Latest News:  

English>>China Society

Anger at birth control privacy made public

(Shanghai Daily)

16:09, March 15, 2013

Women in south China's Dongguan City were shocked to see details of their birth control methods posted on a notice board at the entrance to their village committee office.

File Photo

"Our names, ID numbers, home addresses, and our methods of birth control were all published. They don't pay respect to our privacy," a villager surnamed Xiang from Hengli Village told the Southern Metropolis Daily.

The notices contain the names of the married women in the village and their husbands, their ID numbers, their addresses and how many children they have.

One column lists the villagers' birth control methods, the newspaper said.

Some were said to be using condoms, others intrauterine contraceptive devices, while it was easy to see which men had had a vasectomy and which women had been sterilized. The list was also published online.

In response to complaints, local village committee officials told the newspaper they published the details to help them carry out family planning work and make it easier for other villagers to see whether there were any violations of the country's one-child policy.

"Some birth control methods involving surgeries may charge medical expense and the villagers can apply for medical reimbursements," a committee official told the newspaper. "We published their information to ensure work transparency."

The official admitted they hadn't given much thought to the security of personal information, but promised they would not publish the villagers' ID numbers "next time."

The notices were removed on Monday afternoon after the incident attracted media attention, the newspaper said.

Dongguan family planning authorities told the newspaper the publication of birth control information had been the practice for a number of years.

Under local regulations, villagers share in an annual bonus from the local government, with the amount linked to their birth control status. "Whether there are violations against the one-child policy or whether the violators paid fines for breaking the rule are all linked to how much share the villagers would get," an official said.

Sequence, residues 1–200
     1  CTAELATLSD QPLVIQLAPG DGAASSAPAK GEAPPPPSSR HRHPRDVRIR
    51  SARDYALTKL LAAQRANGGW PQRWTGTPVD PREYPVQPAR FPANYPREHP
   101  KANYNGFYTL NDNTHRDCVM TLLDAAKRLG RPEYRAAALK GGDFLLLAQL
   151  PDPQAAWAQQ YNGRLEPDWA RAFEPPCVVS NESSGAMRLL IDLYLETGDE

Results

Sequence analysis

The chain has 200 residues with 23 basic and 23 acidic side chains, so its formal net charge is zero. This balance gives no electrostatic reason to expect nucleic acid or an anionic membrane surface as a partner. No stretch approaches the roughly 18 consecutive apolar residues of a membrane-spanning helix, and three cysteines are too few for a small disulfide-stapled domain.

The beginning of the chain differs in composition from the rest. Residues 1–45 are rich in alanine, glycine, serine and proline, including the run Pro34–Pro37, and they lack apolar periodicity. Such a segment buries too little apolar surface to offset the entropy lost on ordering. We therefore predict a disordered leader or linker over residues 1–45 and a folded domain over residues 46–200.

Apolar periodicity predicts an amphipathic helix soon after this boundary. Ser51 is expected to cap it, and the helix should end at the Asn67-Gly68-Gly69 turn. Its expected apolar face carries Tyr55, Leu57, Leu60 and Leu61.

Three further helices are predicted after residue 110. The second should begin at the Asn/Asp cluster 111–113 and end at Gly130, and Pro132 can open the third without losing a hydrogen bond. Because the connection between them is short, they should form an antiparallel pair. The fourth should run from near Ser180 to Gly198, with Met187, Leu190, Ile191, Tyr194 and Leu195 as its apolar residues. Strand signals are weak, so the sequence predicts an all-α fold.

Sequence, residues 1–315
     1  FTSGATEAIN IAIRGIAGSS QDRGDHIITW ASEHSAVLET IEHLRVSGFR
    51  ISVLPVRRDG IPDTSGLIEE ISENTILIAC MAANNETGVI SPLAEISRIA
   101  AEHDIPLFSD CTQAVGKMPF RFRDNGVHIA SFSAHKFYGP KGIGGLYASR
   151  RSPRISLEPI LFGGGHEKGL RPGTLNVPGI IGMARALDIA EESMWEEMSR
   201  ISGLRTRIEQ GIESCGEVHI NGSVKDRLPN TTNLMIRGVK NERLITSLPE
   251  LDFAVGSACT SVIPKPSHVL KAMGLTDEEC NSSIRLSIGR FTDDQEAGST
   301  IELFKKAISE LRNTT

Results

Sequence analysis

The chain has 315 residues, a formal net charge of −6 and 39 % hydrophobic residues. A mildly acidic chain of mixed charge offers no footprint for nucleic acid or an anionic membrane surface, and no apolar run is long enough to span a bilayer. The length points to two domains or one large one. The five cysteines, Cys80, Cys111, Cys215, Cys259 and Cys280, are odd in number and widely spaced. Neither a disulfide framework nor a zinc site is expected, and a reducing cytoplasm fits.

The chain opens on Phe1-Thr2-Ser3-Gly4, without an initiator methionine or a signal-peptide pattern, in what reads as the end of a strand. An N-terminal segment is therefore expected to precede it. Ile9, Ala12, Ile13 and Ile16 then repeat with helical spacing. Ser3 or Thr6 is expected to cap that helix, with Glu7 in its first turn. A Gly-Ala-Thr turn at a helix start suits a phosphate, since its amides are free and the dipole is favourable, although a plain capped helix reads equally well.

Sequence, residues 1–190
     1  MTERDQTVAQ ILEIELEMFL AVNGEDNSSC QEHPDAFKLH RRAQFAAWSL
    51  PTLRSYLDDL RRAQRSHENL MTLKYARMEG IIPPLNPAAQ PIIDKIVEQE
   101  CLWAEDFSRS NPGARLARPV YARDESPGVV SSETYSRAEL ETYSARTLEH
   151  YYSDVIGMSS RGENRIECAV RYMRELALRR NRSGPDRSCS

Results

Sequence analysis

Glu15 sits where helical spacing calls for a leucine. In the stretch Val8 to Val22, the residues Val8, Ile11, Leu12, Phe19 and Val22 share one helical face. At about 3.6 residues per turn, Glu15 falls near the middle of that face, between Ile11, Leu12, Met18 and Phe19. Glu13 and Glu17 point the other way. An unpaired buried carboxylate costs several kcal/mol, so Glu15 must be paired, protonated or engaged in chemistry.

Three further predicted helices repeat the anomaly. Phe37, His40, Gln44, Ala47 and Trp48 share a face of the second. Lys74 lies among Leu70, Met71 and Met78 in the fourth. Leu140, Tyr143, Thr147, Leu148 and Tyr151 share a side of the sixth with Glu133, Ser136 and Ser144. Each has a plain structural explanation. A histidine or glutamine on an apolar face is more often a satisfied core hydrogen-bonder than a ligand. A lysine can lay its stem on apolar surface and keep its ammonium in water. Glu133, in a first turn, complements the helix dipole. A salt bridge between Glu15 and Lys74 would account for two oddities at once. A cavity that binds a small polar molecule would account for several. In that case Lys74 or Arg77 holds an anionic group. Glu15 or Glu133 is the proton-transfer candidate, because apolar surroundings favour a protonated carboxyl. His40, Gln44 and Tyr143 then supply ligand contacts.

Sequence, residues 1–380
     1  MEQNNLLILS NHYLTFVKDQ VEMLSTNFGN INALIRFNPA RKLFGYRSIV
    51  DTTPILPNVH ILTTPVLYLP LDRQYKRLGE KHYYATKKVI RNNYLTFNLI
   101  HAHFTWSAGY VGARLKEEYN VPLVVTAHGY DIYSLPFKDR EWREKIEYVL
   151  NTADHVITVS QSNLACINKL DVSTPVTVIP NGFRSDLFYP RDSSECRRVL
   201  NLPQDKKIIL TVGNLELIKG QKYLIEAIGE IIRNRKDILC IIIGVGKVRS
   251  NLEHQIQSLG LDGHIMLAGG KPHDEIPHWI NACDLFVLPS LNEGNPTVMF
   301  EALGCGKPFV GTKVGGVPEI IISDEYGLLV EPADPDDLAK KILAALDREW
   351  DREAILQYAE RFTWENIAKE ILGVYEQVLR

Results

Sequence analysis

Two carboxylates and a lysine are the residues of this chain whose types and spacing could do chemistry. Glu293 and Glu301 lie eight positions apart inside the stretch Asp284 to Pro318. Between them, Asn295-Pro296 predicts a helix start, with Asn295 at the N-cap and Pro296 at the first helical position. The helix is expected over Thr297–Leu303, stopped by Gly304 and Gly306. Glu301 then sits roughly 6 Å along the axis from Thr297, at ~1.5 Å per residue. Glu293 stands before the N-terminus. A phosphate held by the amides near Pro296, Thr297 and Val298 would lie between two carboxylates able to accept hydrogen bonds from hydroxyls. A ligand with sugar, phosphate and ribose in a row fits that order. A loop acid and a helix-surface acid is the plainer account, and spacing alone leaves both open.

"It is indeed inappropriate for some village committee to directly publish villagers' ID cards and their birth control methods," the official said.

However, the authorities told the newspaper that they were now working on new rules to regulate the publication of contraception information.

We Recommend:

China's weekly story (2013.2.28-3.8)

Art schools exams in Chinese style

Yao Ming, the CPPCC Member

Eye-catching girls taking arts school exams

Foxes seek food from oil workers in Xinjiang

Cool Chinese female airplane captains

'Fresh style' in Chinese cities

The best partners during ‘two sessions’

Daily life of female airborne security guard

Email|Print|Comments(Editor:WangXin、Chen Lidan)

Leave your comment0 comments

  1. Name


Selections for you

  1. China surveillance ships finish patrol

  2. Flying Leopard fighters in training

  3. Enjoy 1st spring rain in front of the Great Hall of the People

  4. Panic over dead pigs prompts satire

  5. Hailstones diameter hit SW China

  6. Chile unveils world's largest observatory

  7. Centenarian couple become cewebrities

  8. Anchors join Shenzhen TV

  9. China's financial might takes shape

  10. Shoe surprise with an unexpected discount

Most Popular


  1. Planning vital to diplomacy
  2. Loopholes for rich make estate tax meaningless
  3. How to start transformation and upgrading?
  4. Nation facing energy security threat: experts
  5. Plenty of hard work still to be done on rail reform
  6. 'Made in China' not equal to 'self-made in China'
  7. Efforts needed to nurture ethnic culture, language
  8. Filipina maids or local ayi?
  9. China won't take part in currency wars
  10. Long live the kingdom of bicycles!

What’s happening in China

A boot-shaped building

  1. Vigilance grows as dead pigs in river reach 7,545
  2. More than 1/10 adults has chronic kidney disease
  3. Beijing to buy PM2.5 devices from Italian company
  4. Officer dies from miscarriage after work
  5. High hopes for new food safety monitoring